Some garden centers still have Mexican Cigar plants available. You can grow them in pots or baskets, then bring them inside before frost to treat them as a house plant through the winter. Give the plants a good trim sometime before placing them outside when the weather warms in May. You’ll soon have Ruby-throated Hummingbirds visiting again for the summer.
The Magi have arrived. Emanating from the shadows of a nearby forest, you may hear the endless drone of what sounds like an extraterrestrial craft. Then you get your first look at those beady red eyes set against a full suit of black armor—out of this world. The Magicicada are here at last.
If you go out and about to observe Periodical Cicadas, keep an eye open for these species too…
Let’s take a quiet stroll through the forest to have a look around. The spring awakening is underway and it’s a marvelous thing to behold. You may think it a bit odd, but during this walk we’re not going to spend all of our time gazing up into the trees. Instead, we’re going to investigate the happenings at ground level—life on the forest floor.
There certainly is more to a forest than the living trees. If you’re hiking through a grove of timber getting snared in a maze of prickly Multiflora Rose (Rosa multiflora) and seeing little else but maybe a wild ungulate or two, then you’re in a has-been forest. Logging, firewood collection, fragmentation, and other man-made disturbances inside and near forests take a collective toll on their composition, eventually turning them to mere woodlots. Go enjoy the forests of the lower Susquehanna valley while you still can. And remember to do it gently; we’re losing quality as well as quantity right now—so tread softly.
Thoughts of October in the Lower Susquehanna River Watershed bring to mind scenes of brilliant fall foliage adorning wooded hillsides and stream courses, frosty mornings bringing an end to the growing season, and geese and other birds flying south for the winter.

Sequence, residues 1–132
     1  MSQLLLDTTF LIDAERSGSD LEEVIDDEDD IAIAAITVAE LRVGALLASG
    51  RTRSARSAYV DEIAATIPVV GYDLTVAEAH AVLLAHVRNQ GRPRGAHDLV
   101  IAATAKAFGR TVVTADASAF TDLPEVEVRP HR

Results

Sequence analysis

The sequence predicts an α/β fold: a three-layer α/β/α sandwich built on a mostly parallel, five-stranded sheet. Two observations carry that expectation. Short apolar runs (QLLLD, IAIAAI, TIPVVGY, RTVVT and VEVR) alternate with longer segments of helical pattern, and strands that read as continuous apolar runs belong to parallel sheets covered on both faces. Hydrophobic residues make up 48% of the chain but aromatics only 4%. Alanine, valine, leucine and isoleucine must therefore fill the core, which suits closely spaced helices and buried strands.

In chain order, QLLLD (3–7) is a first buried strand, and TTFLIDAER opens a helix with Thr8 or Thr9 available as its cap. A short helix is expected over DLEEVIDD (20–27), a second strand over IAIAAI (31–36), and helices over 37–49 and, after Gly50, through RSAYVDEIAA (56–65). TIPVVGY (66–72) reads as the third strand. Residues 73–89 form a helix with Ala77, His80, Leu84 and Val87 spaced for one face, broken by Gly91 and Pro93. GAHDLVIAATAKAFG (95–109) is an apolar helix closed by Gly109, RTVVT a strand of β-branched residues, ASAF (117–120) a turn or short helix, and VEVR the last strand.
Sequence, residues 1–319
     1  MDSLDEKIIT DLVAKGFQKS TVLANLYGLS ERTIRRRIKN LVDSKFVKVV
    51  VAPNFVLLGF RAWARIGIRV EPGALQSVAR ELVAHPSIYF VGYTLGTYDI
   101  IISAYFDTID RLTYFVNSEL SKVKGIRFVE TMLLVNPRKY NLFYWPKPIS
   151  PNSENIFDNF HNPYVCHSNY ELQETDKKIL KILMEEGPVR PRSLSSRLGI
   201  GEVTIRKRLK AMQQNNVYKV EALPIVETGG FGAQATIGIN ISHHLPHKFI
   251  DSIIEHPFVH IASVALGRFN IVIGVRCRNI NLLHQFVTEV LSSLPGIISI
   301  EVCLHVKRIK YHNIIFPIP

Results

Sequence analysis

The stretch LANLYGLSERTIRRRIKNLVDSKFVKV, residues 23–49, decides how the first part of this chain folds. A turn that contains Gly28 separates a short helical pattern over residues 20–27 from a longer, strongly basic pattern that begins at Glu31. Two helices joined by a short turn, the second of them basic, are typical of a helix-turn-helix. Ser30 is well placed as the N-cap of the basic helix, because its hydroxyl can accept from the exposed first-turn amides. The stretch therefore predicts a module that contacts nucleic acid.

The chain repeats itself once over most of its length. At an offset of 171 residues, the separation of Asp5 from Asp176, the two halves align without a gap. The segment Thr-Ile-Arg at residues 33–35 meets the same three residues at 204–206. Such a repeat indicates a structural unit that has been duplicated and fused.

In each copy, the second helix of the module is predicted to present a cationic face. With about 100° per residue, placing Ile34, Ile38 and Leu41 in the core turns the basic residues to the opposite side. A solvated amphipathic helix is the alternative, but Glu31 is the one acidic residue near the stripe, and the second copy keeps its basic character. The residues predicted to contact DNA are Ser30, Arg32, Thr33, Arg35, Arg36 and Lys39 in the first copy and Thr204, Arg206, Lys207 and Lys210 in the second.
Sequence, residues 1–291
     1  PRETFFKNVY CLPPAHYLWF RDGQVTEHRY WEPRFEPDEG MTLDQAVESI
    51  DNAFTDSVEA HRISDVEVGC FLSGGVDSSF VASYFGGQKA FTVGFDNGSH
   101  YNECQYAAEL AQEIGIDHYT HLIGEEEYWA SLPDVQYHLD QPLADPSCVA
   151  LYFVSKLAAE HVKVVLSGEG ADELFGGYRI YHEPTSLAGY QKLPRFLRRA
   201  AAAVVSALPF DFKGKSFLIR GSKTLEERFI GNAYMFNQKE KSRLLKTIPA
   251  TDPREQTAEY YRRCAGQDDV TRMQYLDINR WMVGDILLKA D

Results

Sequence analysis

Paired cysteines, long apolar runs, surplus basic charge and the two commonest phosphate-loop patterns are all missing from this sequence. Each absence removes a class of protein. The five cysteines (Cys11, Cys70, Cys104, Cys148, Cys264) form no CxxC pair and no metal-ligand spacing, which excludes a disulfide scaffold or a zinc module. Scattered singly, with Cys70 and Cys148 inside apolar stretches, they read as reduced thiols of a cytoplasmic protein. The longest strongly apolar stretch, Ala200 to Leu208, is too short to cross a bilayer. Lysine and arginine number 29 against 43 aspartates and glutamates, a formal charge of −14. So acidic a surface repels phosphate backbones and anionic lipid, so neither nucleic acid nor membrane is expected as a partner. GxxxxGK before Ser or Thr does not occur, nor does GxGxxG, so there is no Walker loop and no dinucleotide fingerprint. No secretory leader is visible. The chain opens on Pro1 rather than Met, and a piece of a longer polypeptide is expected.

The autumn migration of birds spans a period equaling nearly half the calendar year. Shorebirds and Neotropical perching birds begin moving through as early as late July, just as daylight hours begin decreasing during the weeks following their peak at summer solstice in late June. During the darkest days of the year, those surrounding winter solstice in late December, the last of the southbound migrants, including some hawks, eagles, waterfowl, and gulls, may still be on the move.
During October, there is a distinct change in the list of species an observer might find migrating through the lower Susquehanna valley. Reduced hours of daylight and plunges in temperatures—particularly frost and freeze events—impact the food sources available to birds. It is during October that we say goodbye to the Neotropical migrants and hello to those more hardy species that spend their winters in temperate climates like ours.
The need for food and cover is critical for the survival of wildlife during the colder months. If you are a property steward, think about providing places for wildlife in the landscape. Mow less. Plant trees, particularly evergreens. Thickets are good—plant or protect fruit-bearing vines and shrubs, and allow herbaceous native plants to flower and produce seed. And if you’re putting out provisions for songbirds, keep the feeders clean. Remember, even small yards and gardens can provide a life-saving oasis for migrating and wintering birds. With a larger parcel of land, you can do even more.
A special message from your local Chinese Mantis (Tenodera sinensis).
Hey you! Yes, you. I pray you’re paying attention to what’s flying around out there, otherwise it’ll all pass you by.
This summer’s hot humid breezes from the south have not only carried swarms of dragonflies into the lower Susquehanna valley, but butterflies too.
So check out these extravagant visitors from south of the Mason-Dixon Line—before my appetite gets the better of me.
There you have it. Get out there and have a look around. These species won’t be active much longer. In just a matter of weeks, our migratory butterflies, including Monarchs, will be heading south and our visiting strays will either follow their lead or risk succumbing to frosty weather.
For more photographs of butterflies, be sure to click the “Butterflies” tab at the top of the page. We’re adding more as we get them.